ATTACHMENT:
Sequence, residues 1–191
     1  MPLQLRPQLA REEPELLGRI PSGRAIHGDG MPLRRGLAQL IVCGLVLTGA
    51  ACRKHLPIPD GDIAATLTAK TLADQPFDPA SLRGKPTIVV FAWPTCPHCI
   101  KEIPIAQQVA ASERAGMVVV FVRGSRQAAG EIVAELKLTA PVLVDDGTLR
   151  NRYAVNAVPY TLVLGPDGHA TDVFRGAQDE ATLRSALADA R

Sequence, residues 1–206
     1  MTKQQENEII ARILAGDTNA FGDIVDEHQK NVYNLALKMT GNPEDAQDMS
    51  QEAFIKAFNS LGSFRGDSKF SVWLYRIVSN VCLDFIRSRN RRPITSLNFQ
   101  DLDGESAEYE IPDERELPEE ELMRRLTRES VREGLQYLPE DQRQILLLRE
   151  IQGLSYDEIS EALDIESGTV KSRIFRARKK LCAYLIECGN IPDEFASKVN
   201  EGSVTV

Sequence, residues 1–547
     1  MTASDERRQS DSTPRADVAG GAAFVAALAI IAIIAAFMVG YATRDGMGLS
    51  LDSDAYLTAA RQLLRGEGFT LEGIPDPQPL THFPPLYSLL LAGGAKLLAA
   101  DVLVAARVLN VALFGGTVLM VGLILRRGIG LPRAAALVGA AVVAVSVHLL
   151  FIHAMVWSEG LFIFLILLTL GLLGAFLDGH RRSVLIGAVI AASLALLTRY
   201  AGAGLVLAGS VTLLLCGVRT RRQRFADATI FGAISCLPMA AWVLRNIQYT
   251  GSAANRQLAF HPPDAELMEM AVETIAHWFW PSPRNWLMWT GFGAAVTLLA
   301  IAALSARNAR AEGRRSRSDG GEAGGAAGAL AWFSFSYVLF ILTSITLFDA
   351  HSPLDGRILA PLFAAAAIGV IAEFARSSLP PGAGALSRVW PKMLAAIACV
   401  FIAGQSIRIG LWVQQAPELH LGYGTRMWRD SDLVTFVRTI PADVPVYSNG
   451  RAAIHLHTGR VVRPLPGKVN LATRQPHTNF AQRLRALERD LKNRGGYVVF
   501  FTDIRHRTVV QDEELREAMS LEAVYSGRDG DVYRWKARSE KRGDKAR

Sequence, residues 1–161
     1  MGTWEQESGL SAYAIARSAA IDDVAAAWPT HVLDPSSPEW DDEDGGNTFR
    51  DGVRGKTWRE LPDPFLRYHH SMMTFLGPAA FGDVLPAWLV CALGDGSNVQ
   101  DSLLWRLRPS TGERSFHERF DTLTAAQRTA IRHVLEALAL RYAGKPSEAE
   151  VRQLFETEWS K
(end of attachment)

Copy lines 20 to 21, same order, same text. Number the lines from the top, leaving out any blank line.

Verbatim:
   351  HSPLDGRILA PLFAAAAIGV IAEFARSSLP PGAGALSRVW PKMLAAIACV
   401  FIAGQSIRIG LWVQQAPELH LGYGTRMWRD SDLVTFVRTI PADVPVYSNG